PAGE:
In this and the next few posts I will give you an informal analysis of the performance of the Sony Zeiss 24 mm f/1.8 E-series lens. I will be comparing it to two other 24 mm lenses: the Leica 24 mm f/2.8 Elmarit ASPH, and the Leica 24 mm f/3.8 Elmar ASPH. I thought about adding the Nikon 24 mm f/1.4 into the mix, but I don’t think many people would use that lens on the NEX-7 because of its size and weight.
This first post will be about performance with low contrast subject matter.
Here’s the scene at f/5.6, first with the Zeiss:
Next with the Elmarit:
and finally with the Elmar:
I will show how each lens performs at a number of f-stops in both the center of the image in the upper left corner. The images are presented at twice the single pixel scale, using nearest neighbor for the upscaling; this produces a 2 x 2 block of identical pixels for each pixel in the original image, and seems to do all right with the JPEG compression necessary for web presentation. The order of the lenses in the group presentations is as follows: the Zeiss at the top, the Elmarit in the middle, and the Elmar at the bottom. Only the Zeiss is capable of making images at f/2, so there’s only one image in that set. Only the Zeiss and the Elmarit can make images at f/2.8, so there are only two images in that set. The ISO was sent to 100 for all the photographs. The images were converted from raw in Lightroom 3.6, with sharpening and noise reduction turned off. I did not correct for corner color errors, but I did change the white point on the magnifications of the upper left corner from 255 to 198 to make the distinctions between the lenses easier to see, and to reflect corrections that might be done to the corners in processing images rate with these lenses.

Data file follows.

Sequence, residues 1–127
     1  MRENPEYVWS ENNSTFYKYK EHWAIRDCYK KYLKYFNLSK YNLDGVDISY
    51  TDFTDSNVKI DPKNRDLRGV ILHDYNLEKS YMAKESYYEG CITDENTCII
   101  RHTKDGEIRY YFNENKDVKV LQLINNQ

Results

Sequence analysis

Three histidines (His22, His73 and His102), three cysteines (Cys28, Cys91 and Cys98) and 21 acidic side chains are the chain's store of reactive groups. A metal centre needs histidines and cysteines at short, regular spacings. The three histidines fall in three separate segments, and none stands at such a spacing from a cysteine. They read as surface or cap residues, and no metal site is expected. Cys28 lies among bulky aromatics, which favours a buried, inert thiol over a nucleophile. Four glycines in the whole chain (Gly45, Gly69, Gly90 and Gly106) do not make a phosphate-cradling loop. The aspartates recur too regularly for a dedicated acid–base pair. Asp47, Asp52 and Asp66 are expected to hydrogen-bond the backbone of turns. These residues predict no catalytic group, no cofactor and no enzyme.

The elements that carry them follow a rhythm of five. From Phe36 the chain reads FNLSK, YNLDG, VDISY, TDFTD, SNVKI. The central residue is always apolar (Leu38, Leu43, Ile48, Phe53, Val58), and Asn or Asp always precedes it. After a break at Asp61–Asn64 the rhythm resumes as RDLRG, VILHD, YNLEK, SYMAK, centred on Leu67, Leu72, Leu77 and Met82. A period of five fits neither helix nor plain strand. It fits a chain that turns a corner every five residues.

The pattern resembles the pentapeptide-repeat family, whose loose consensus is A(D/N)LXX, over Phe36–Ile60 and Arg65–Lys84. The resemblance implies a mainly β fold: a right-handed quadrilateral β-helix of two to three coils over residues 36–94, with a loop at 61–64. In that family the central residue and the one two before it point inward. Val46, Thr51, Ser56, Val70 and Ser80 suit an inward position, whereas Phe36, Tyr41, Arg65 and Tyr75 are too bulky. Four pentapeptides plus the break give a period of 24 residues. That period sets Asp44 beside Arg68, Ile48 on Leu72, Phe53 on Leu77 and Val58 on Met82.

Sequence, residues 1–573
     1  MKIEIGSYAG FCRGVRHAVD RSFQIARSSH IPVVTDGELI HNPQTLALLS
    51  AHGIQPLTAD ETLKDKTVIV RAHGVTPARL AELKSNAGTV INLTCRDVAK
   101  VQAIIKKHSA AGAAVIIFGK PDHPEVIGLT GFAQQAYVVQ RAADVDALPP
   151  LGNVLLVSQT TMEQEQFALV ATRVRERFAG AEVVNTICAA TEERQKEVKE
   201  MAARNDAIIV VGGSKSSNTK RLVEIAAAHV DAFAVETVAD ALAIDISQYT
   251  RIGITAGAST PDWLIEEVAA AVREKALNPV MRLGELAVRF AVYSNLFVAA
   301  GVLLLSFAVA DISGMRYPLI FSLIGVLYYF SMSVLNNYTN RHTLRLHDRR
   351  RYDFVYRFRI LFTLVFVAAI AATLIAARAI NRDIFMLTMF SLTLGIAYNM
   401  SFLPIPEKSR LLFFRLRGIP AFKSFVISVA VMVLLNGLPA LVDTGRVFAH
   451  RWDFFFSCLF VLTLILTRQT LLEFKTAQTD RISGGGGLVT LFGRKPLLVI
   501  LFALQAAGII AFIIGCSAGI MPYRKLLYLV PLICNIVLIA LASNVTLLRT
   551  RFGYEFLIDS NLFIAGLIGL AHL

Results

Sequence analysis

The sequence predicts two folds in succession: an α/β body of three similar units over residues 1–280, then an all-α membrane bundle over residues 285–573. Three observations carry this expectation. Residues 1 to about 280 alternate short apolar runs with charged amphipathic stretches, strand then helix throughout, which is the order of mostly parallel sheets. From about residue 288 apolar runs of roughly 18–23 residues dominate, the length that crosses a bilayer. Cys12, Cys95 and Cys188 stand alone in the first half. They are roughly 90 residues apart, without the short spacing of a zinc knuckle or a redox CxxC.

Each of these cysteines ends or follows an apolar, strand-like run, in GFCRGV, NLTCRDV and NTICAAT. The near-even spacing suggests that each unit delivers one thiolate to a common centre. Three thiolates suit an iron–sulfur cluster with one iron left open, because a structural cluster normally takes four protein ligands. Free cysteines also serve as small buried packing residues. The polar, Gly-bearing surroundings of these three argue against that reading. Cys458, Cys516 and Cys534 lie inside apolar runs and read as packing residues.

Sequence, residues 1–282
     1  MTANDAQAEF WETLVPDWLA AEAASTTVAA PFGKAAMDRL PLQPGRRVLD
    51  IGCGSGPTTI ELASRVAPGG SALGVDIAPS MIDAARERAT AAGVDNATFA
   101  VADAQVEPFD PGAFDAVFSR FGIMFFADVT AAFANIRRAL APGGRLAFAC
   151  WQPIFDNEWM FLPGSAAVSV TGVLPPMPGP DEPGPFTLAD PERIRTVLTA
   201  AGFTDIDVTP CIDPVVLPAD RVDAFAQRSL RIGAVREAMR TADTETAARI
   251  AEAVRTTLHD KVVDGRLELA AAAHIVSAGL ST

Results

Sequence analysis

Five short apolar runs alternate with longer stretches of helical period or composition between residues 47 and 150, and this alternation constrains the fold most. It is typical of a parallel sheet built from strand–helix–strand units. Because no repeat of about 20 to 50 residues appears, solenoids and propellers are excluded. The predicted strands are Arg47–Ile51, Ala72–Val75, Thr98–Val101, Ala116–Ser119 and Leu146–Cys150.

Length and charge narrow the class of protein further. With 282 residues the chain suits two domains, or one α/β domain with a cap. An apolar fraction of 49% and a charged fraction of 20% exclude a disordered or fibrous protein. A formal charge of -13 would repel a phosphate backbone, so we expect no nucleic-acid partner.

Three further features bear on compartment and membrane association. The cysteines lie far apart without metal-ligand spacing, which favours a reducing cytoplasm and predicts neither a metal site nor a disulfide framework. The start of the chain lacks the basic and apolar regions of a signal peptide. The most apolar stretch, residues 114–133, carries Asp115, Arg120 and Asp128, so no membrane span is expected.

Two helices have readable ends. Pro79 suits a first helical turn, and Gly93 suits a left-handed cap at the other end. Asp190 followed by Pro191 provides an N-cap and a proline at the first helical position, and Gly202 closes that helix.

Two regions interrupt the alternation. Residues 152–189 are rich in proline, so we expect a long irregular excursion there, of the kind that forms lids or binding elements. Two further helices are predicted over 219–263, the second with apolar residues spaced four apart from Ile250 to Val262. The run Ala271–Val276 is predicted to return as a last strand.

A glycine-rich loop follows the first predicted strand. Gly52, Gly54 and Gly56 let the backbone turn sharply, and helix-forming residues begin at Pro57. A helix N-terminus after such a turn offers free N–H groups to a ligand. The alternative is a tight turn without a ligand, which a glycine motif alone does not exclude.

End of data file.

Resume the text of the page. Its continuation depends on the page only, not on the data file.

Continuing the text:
At f/2, the Zeiss is a little soft in the center, but not unacceptably so:
At f/2.8, the Zeiss is crisping up quite nicely, but the Elmarit is slightly sharper:
At f/4, all three lenses are doing quite well, with the Zeiss a bit ahead of the Elmarit, and the Elmar just a hair behind:
f/5.6 is the sharpest aperture for all three lenses, and there’s really not a lot to choose between them in the center at this aperture:
Contrast and sharpness both suffer at f/8 in all three cases, with the Zeiss giving the worst performance at this aperture, but not to a great degree:
Things continue to go downhill at f/11. All three lenses are substantially identical at this aperture. At f/16 (not shown), the trend continues:
In the upper left corner at f/2 with the Zeiss, the image is softer than at the center, but it’s not bad. It will take further testing to find out if the corner softness is because of field curvature (I focused in the center of the image) or inherent resolving power:
At f/2.8, the Zeiss’s performance has improved substantially, and the Elmarit is looking really soft. The green fringing on the Zeiss image in this and following comparisons is an artifact caused by the conversion of the image to sRGB for the web; it doesn’t occur in the Leica lens images because of the purple corners:
The Zeiss improves marginally at f/4, still besting the Elmarit. The Elmar and the Zeiss offer similar performance:
By the time we get to f/5.6, all the lenses of performing at their best. It’s very close, but I’d give the Elmar a slight edge over the Zeiss, with the Elmarit trailing:
The Zeiss and the Elmar suffer slightly at f/8, and the Elmarit is about the same as it is at f/5.6:
All three images are starting to soften at f/11:
Things are getting pretty blurry by f/16:
All in all, I’m very impressed by the performance of the Zeiss lens in this test, even setting aside the fact that it costs far less than the other two lenses.